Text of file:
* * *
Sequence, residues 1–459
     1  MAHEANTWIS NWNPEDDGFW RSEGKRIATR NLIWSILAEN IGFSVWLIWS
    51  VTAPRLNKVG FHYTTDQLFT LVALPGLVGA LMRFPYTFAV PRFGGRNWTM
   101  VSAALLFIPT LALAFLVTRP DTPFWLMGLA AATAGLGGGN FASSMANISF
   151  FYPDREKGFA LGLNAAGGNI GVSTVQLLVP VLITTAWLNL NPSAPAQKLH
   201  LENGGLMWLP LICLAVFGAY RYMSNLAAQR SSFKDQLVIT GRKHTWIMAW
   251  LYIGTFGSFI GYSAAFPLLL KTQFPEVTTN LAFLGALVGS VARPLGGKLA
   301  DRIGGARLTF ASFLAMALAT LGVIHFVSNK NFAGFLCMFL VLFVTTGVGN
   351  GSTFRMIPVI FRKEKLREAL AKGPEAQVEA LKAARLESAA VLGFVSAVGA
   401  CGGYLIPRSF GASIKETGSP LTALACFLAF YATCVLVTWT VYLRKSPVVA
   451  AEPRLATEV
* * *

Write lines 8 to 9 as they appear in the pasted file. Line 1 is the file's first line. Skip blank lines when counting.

   301  DRIGGARLTF ASFLAMALAT LGVIHFVSNK NFAGFLCMFL VLFVTTGVGN
   351  GSTFRMIPVI FRKEKLREAL AKGPEAQVEA LKAARLESAA VLGFVSAVGA